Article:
However, it seemed not everyone was so smitten with this acting colossus. On 16th December 1897 Terriss was murdered by hapless, struggling actor Richard Archer Prince. Sort of like a Victorian Ralf Little, with the possible distinction that…actually, no; that’s pretty much accurate.

As Terriss was entering the Adelphi for the evening performance of Secret Service, fomer Terriss protégé Prince lay in wait and stabbed his old friend in a bitter act of jealousy and resentment.

As a result, the ghost of Terriss is often seen in Covent Garden, particularly in and around his favoured Adelphi Theatre and, strangely, the tube station. Many witnesses claim to have seen a gentleman dressed in old fashioned clothes who disappears before their eyes, later identifying Terriss as the man they had seen when shown a photograph. This could possibly be because all Victorian gentlemen look exactly the same or perhaps, more likely, many of these witnesses were simply mental.

The plaque outside the Adelphi

After spending an afternoon elbowing tourists out of the way in Covent Garden, Looking For Ghosts are disappointed to report that we didn’t even catch a glimpse of this spectral thespian who, we suspect, is currently treading the boards of the great theatre in the sky. Possibly in Mamma Mia.

As a result of the heat wave currently engulfing most of the UK, Looking For Ghosts felt an almost unnatural urge to get outside and get some sun on our faces. With our sallow complexions currently resembling custard as the closest colour match, it’s about bloody time.

So we headed for Highgate, a leafy, affluent North London suburb and, somewhat fortuitously, a haven for ghostly activity. How much fear we’d experience on a sunny Saturday lunchtime was unclear, but we figured it would be somewhere between “very little fear” and “no fear whatsoever”.

We noticed our first point of interest minutes after leaving the station. Ascending a steep pathway, stopping halfway up to peer through the foliage, we observed an abandoned train station in the mid-distance. This was originally built as part of London Underground’s Northern Heights project, but development was cancelled during the Second World War. Now the station stands empty, barely visible amidst mounds of twisting bracken, but there are several reports of a “ghost train” steaming along the tracks after dark. However, considering that no actual trains ever used this line makes this story about as credible as a Jeffrey Archer testimony.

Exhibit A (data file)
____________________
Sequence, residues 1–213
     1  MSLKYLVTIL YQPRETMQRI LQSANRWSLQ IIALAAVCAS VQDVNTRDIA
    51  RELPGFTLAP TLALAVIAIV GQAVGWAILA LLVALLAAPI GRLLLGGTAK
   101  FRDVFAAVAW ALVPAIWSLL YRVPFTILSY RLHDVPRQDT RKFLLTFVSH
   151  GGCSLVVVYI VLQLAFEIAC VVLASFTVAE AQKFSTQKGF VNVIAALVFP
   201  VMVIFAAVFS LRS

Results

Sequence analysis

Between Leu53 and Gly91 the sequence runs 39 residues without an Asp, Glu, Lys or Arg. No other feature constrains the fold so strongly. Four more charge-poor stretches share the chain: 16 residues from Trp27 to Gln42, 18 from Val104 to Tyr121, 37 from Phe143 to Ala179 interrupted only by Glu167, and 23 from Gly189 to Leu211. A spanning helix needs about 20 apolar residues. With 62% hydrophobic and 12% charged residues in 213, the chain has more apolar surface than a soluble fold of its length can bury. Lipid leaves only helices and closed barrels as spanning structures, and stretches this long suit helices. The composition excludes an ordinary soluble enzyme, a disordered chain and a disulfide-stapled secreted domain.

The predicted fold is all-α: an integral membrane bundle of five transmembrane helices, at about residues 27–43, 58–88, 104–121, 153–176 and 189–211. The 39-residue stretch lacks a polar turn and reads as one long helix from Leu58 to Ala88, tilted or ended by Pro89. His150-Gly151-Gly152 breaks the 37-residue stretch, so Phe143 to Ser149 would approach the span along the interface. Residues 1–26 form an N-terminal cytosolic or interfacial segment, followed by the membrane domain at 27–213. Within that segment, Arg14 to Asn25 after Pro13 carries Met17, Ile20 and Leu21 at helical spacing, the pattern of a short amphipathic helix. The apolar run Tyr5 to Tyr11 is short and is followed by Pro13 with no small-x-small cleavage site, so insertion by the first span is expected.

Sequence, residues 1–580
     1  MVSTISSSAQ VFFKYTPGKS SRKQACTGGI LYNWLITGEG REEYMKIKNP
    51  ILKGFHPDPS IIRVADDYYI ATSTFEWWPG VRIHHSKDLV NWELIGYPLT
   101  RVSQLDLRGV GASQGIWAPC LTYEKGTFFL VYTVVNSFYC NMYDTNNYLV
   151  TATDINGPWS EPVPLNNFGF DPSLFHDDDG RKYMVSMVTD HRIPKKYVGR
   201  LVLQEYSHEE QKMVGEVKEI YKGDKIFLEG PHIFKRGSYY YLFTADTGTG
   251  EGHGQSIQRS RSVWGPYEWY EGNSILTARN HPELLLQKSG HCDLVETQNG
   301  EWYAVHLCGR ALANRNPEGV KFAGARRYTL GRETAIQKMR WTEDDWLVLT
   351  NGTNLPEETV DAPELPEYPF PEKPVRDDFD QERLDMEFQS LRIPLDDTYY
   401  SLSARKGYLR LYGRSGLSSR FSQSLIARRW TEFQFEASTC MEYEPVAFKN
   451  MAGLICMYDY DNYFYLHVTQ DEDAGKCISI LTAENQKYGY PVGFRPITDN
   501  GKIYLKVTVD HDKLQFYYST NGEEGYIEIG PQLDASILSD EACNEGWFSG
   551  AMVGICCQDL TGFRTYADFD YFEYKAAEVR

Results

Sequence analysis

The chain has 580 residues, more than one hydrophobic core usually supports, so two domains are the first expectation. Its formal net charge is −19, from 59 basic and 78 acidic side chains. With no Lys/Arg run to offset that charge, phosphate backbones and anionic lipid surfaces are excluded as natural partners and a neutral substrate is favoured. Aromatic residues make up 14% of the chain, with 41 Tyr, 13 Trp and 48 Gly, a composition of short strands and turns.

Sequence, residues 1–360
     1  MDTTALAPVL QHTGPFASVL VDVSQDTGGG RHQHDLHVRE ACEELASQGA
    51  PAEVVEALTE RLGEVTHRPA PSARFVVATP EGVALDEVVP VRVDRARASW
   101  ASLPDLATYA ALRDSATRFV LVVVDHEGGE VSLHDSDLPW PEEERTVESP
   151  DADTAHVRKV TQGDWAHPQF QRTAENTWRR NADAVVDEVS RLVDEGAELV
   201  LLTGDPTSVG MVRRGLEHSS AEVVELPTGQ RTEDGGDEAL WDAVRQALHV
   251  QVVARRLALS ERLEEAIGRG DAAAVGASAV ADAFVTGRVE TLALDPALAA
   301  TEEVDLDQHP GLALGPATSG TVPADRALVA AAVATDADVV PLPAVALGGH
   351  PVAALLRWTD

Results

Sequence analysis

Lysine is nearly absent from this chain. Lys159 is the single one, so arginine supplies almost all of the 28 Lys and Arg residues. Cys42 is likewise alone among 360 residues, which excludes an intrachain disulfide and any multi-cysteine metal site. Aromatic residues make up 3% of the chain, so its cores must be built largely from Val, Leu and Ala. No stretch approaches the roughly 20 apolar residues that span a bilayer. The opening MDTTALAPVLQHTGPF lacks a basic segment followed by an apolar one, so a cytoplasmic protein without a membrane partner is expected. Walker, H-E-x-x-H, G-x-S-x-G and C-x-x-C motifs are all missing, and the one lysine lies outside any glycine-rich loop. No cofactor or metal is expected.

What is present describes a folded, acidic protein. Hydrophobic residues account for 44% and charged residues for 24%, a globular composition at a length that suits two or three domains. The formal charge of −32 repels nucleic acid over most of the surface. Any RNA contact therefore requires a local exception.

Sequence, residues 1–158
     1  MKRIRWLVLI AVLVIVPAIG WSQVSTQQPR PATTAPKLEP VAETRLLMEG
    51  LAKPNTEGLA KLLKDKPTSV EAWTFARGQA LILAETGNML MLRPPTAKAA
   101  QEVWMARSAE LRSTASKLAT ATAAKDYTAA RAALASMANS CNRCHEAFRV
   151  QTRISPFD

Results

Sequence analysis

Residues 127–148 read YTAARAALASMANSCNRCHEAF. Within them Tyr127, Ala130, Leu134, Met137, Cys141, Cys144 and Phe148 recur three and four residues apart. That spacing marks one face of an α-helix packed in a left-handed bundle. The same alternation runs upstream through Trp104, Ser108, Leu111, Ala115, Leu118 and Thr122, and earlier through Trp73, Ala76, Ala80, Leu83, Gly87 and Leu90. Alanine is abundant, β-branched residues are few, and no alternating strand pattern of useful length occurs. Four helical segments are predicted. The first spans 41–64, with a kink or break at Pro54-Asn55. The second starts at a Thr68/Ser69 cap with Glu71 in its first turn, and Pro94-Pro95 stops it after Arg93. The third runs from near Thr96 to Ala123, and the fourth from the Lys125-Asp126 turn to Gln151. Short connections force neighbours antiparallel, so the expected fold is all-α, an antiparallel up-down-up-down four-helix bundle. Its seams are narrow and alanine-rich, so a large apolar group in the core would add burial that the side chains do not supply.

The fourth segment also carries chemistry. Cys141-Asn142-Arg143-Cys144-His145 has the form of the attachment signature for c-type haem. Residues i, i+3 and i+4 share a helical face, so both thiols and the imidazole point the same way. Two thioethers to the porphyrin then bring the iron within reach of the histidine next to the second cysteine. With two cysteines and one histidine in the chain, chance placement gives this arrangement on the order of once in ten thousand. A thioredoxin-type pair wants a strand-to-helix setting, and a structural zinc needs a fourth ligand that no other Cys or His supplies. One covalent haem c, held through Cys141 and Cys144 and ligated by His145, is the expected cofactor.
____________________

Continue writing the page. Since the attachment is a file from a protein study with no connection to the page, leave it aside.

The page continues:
"The Ghost Train is experiencing severe delays, please use the replacement bus service..."

Moving on we found ourselves in The Flask, another of London’s haunted pubs. Only slightly concerned that it was still technically morning, we sat down to ponder the pub’s history over a pint of something intoxicating and delicious. It is claimed a maidservant, who took her own life when an illicit romance turned sour, still frequents the pub and announces her presence with a sudden drop in temperature before going berserk with the lights and moving glasses along the bar. Yawn. Why can’t ghosts ever do anything more interesting than that? Flip the odd table over, maybe. Or put the Beastie Boys on the jukebox for four hours.

However, the Flask is an endearing pub with excellent food and even comes complete with a local lunatic who insisted on talking to us, for what seemed like an eternity, about soup. Perhaps he was a ghost? Frankly, we were too bored to check.

Leaving the pub we passed Pond Square, known in paranormal circles for being the site of a rather unusual haunting; the ghost of a chicken. No, we are not making this up. According to Walking Haunted London: In 1943, one Terence Long was crossing Pond Square late at night when he heard the sound of horses hooves accompanied by the low rumble of carriage wheels. Suddenly, a loud raucous shriek, split the silence, and the ghostly chicken appeared before him and proceeded to race frantically around, before vanishing into thin air.” Alarmingly, this spectre has been seen several times since. Give us strength.

Chicken Payback

As laughable as the ghost chicken story undoubtedly is, at least it’s original. After all, if you’re going to make something up, make it interesting and faintly ridiculous rather than some vague and generic account of a jilted lover who slams doors and sometimes makes the air a bit chilly. Come on; get creative with your lies!

Slightly underwhelmed with Highgate’s supernatural offerings so far, we concluded our soirée by visiting somewhere ghouls were bound to be in abundance; Highgate Cemetery. Home to such luminaries as Karl Marx, George Eliot and, erm, Jeremy Beadle, surely this place would be alive (pardon the expression) with famous ghosts, swirling around the place with unbridled glee? Yes?